Sarah Imeinu Does Not Need to Die

#ChayeiSara #תשפב

There are two things that I learned this week, that don't make sense together.

The First: At parent teacher conferences, I noted to a number of parents that their child was a mench. Every single parent glowed at the compliment and told me that “being a mench was the most important thing in the world for them.” Some continued and explained: Having Derech Eretz is more important than what they are learning. More important than their grades. More important than anything else going on in school.

I loved hearing this – Jews are incredible. Mi K'Amcha Yisrael! Despite our deep commitment to excellence in learning, we are willing to push aside any other priority, any other value for the overarching value of Menchlichkeit.

But there is a second thing I learned this week. And it doesn't make sense. More and more, I am hearing from teachers, rabbeim and administrators that parents are writing, saying and yelling terrible things, in hurtful ways. All in the interest of ensuring that their children have a better experience in school.

I do not begrudge parents the need to “do everything they can” to help their kids. But I do question if we are fully considering the cost of acting with demonstratively negative middos.

I can only conclude that while good middos is still our greatest value, we've been duped into thinking “they don't apply here.”

The world we live in today considers good middos as a cheap token to be quickly abandoned in the pursuit of other goals. Sometimes, they are political goals. Sometimes social, emotional or educational. People are hasty to find reasons to act with disdain and derision the moment they feel “he or she deserves it!” But even if they do deserve it, even if they “had it coming”, the paramount importance of living with Derech Eretz, that we all agree on, should give us pause.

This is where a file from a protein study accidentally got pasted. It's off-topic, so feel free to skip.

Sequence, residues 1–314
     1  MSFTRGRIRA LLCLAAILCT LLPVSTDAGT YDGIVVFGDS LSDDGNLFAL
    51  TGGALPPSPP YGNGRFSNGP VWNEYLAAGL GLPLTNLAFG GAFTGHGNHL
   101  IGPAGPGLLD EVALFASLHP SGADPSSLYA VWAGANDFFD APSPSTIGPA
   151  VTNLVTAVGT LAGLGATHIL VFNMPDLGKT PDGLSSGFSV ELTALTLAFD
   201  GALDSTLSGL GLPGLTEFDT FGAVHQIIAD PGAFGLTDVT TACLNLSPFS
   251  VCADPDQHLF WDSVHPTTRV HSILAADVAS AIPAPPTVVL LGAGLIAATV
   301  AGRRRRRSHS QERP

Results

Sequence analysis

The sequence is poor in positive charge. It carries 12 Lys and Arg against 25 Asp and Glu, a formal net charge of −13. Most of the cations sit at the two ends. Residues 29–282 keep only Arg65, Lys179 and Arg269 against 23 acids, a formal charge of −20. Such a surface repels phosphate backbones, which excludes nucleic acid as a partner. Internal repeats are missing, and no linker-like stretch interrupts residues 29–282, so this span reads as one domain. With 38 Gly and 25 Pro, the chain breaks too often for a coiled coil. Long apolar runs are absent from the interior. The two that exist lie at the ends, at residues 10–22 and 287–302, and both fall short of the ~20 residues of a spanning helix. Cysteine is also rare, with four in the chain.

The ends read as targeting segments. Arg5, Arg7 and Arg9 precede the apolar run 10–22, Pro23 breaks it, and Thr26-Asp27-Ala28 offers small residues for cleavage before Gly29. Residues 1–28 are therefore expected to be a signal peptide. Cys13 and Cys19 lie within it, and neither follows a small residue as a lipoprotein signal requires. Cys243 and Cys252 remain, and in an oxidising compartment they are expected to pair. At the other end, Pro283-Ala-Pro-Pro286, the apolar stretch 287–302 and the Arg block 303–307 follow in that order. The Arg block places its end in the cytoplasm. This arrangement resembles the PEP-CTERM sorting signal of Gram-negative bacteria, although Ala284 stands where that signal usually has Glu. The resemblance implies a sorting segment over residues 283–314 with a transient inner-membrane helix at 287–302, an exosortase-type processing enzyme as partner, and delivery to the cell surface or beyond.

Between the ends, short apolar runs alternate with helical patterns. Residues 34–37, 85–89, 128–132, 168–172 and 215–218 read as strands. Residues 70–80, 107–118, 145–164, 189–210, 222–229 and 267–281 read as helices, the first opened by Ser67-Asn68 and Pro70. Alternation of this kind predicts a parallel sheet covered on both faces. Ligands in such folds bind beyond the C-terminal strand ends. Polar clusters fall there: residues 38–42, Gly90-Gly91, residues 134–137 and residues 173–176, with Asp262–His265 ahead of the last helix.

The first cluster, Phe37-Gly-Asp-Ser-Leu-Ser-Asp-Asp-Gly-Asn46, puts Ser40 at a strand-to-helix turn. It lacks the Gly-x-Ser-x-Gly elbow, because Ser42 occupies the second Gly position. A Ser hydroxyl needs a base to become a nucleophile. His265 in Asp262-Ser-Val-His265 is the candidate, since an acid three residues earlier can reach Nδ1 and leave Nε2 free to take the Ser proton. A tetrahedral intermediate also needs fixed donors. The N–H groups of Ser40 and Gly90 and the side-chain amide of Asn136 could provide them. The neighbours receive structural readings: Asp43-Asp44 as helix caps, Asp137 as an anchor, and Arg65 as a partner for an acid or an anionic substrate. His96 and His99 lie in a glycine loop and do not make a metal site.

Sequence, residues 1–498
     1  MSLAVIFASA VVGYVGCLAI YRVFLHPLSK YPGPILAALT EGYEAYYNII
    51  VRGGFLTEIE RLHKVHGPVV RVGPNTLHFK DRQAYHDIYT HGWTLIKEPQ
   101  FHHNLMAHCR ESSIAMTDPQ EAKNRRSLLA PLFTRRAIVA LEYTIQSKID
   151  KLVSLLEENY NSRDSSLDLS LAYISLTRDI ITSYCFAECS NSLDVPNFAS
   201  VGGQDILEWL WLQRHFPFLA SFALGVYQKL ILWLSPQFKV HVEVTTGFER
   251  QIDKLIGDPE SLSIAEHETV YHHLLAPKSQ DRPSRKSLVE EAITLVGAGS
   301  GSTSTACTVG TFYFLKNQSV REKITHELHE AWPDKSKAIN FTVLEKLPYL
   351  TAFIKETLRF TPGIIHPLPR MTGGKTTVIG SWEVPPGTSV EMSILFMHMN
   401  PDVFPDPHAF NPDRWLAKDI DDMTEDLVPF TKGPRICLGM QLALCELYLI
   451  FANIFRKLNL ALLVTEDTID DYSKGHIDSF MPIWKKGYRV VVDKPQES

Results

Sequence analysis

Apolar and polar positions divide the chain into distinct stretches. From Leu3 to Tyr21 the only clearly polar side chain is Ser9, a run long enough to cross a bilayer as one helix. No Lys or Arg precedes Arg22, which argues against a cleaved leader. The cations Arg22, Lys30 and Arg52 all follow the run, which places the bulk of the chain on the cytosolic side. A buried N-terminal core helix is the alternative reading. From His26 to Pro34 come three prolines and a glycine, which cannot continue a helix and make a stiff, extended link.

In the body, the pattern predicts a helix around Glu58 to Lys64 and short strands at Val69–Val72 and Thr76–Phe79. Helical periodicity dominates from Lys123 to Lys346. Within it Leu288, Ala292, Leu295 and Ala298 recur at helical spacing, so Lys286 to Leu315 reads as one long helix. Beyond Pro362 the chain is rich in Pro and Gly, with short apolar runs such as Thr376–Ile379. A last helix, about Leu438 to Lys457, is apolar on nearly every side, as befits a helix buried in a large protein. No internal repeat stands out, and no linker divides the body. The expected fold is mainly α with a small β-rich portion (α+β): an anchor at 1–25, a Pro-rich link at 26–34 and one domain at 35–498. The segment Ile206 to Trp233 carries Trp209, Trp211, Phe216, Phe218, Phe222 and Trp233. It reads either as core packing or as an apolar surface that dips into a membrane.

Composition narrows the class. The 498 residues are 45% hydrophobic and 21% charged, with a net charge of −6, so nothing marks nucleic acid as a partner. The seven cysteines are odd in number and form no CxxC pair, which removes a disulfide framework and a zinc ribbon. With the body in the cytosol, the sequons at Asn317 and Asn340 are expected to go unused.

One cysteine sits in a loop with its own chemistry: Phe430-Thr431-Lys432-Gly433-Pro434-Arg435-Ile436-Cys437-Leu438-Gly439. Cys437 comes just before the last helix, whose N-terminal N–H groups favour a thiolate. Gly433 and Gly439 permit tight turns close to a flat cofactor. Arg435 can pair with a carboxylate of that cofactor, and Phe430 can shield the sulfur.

When Shlomo HaMelech discusses education in Mishlei, he writes:

שְׁמַע בְּנִי מוּסַר אָבִיךָ וְאַל־תִּטֹּשׁ תּוֹרַת אִמֶּךָ Hear, my son, the instruction of thy father, And do not forsake the teaching of thy mother;

The words תּוֹרַת אִמֶּךָ the teachings of your mother, are rendered by the Targum as נִימוֹסָא דְאִמָךְ – the manners of your mother.

But why is having good manners the domain of maternal education? Because, as we will soon see, this is the way that our Mothers discovered Hashem.

Consider, for a moment, that there is an obvious and peculiar discrepancy in our literature. How did Sarah learn about Hashem? Of course, we are all familiar with the trials and tribulations that Avraham underwent in his pursuit of Emunah. The Torah describes many of these events in detail, and the medrashim fill in many more. But while Chazal speak volumes about Avraham's encounters with Hashem, from age three to seventy-five, there is virtually nothing recorded about the any of the Mother. How did Sarah, Rivka, Rochel and Leah arrive at their faith?

This question is not trivial. Chazal tell us that Sarah possessed a higher level of prophecy than Avraham! Moreover, while Rashi notes that Sarah maintained her level of perfection throughout her life, the Ramban comments that the same is not true of Avraham! (ואמר ״שני חיי שרה״ שכללן והשוה אותן ולא ידרשו כן באברהם.)

The Rambam (הל׳ ע״ז פרק א׳) writes of Avraham in his youth: “והוא עובד עמהם” – Avraham too worshipped Avoda Zara! Avraham did, and Sarah did not. One would thus expect that understanding how Sara, Rivka, Rachel and Leah achieved their Emunah is of paramount importance to us, and as such, the silence of the Torah and Chazal is somewhat perplexing.

Unless, of course, the Torah has been telling us this truth all along...

This Shabbos, the Torah describes how Eliezer, the faithful servant of Avraham, journeys to find a wife for Yitzchak. The stakes of this mission are about as high as any shidduch could be. He is not simply looking for a compatible life partner, but the next mother of the Jewish people.